Even in the good times, soup kitchens and homeless shelters were reporting steady business. But the mortgage crisis, rising unemployment, and restrictions on government aid and services have all contributed to a growing number of families and individuals in need of assistance today. Many are single parent families, or families that have had to deal with loss of employment by a primary wage earner.
And at the same time, most of the rest of us are being squeezed as well. Tuition, food costs, medical expenses and gas prices are going up, while savings, investments and salaries are stagnant or declining.
The great challenge in this environment is to think about what is expected of us as Christians. What do we have to do when we are already feeling squeezed by the economy? And what role can there be for our parishes, even as they are feeling strapped for cash as well?
Even a casual reader of the Bible is struck by its concern for the poor, the elderly and the oppressed. This concern runs from the Psalms to the parables of Jesus, and such references far outnumber other prohibitions such as those regarding sexual behavior.
The United States Catholic Catechism for Adults, based on the Catechism of the Catholic Church, outlines a Catholic perspective on the issue of poverty and Christian responsibilities.
The Catechism for Adults talks about the role of government in fostering the common good (see Page 326). But it also emphasizes the personal responsibility of all humans: "Social justice is both an attitude and a practical response based on the principle that everyone should look at another person as another self."
While society is admonished to care for its most disadvantaged, the Church too is challenged to care for the needy. The Catechism for Adults recalls the words of St. John Chrysostom: "Not to enable the poor to share in our goods is to steal from them and deprive them of life. The goods we possess are theirs, not ours" (Page 425).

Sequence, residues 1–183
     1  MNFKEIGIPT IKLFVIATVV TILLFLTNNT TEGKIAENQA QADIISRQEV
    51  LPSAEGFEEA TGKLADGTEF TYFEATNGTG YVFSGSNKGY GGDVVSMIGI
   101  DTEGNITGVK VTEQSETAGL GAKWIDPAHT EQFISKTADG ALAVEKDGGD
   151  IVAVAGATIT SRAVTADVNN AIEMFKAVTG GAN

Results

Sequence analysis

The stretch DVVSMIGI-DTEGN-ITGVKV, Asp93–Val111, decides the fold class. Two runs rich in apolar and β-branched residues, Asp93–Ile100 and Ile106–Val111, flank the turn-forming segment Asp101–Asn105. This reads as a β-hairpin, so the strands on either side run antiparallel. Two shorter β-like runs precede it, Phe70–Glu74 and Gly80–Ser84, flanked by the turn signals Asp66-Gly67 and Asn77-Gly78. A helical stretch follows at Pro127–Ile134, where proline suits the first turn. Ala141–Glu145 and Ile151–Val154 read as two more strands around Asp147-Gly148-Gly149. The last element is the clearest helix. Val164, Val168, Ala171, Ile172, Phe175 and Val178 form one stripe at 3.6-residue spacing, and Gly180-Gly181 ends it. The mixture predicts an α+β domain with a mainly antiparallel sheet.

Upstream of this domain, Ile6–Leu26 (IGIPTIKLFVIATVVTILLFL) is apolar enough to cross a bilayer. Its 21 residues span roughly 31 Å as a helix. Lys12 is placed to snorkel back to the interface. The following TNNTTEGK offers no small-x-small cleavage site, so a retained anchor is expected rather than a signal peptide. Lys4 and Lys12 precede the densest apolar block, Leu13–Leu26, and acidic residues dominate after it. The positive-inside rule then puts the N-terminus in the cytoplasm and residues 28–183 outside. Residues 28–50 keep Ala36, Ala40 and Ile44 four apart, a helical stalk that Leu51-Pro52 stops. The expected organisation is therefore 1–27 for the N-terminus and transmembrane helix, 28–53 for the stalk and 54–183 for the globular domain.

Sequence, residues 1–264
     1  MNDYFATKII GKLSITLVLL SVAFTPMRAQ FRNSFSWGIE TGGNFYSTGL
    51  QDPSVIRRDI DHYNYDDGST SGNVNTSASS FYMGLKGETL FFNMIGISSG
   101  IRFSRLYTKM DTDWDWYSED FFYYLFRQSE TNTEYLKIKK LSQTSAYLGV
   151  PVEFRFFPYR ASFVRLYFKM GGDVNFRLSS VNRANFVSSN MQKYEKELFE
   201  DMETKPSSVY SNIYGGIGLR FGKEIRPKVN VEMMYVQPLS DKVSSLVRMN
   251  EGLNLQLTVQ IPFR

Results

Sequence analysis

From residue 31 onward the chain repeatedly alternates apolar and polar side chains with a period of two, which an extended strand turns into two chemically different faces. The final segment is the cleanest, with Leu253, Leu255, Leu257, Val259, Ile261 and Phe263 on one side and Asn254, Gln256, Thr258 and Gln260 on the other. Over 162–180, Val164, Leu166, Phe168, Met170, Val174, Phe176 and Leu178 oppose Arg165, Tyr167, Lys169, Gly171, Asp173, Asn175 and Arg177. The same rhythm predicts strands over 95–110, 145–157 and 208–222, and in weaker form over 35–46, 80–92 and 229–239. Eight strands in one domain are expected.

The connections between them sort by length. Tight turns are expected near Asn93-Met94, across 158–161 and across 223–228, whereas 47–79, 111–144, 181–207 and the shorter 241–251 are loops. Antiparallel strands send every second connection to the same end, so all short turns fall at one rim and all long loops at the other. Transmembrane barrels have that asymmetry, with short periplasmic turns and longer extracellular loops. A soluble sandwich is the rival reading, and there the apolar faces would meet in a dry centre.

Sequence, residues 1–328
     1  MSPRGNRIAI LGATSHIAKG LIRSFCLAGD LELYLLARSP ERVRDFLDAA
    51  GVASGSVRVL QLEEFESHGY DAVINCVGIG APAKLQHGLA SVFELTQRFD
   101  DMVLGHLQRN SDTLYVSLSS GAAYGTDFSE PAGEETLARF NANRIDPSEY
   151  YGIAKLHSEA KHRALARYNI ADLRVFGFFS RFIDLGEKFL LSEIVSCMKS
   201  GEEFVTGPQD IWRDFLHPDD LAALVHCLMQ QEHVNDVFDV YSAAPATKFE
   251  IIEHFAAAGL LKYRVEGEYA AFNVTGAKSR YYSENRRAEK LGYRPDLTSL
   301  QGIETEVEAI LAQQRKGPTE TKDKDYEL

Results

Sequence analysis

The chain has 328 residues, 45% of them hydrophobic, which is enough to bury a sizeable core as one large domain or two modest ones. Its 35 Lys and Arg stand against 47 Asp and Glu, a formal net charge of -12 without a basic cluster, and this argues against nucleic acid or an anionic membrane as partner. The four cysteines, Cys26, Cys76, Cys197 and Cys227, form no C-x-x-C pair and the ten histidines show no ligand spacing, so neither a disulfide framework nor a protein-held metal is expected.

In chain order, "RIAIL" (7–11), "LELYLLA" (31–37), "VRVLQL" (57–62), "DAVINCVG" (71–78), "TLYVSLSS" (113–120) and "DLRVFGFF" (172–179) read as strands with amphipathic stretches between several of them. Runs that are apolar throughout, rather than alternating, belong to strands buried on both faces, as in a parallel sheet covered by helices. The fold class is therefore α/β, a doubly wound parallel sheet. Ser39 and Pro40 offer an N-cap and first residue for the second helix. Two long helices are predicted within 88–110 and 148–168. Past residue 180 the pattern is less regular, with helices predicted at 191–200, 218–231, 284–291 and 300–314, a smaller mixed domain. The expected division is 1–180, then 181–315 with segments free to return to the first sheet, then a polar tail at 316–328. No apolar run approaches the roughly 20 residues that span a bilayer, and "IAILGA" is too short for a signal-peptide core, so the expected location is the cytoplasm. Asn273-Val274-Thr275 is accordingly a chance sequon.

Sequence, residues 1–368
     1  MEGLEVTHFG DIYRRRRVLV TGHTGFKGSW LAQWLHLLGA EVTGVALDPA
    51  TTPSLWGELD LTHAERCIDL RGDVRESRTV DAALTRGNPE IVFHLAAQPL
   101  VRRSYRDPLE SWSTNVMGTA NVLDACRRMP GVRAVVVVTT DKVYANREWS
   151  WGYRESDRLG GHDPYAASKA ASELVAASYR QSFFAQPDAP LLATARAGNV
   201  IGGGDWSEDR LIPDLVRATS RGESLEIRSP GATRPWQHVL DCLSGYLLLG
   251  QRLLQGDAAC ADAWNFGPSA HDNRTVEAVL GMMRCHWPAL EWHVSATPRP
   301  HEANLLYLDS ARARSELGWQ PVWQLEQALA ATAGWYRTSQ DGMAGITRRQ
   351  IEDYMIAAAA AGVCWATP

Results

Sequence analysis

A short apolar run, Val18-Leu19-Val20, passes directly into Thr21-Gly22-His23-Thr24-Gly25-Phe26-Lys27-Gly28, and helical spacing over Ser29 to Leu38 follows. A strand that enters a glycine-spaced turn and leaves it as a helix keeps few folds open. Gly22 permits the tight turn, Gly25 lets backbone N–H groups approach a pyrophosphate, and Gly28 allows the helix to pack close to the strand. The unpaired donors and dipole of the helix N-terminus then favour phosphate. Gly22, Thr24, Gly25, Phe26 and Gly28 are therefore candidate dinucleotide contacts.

These are hard words, but Jesus himself said: "Whoever has two cloaks should share with the person who has none. And whoever has food should do likewise" (Lk 3:11).
Our challenge -- as individuals, families and parishes -- is to assist those who are needy in our community and elsewhere, while at the same time being mindful of the stress that nearly everyone is feeling today. When have we given enough?
Not every parish will agree on the answer. Some may take up collections of food and money, helping to stock food pantries and support homeless shelters. Others may feel called to extend help in a more personal way Ñ opening their doors to the needy, opening a soup kitchen or a shelter, or helping their families come face-to-face with the needy in their community in personal ways.
The solution is not one-size-fits-all, but, at the same time, the Gospel does not let us off the hook when we say that times are tough for everyone, or that we have to look after our own first.
The current economic decline is an opportunity for the laity to take a position of leadership in their parish. Lay leaders can identify projects of need in their communities and develop the means to respond to those needs.
At our Last Judgment, we want to be able to tell the Lord that when he was hungry, we gave him food, and when he was thirsty, we gave him drink. When he was a stranger, we welcomed him. When he was ill, we cared for him. He who knows all things will surely know what efforts we made to share our portion with others.
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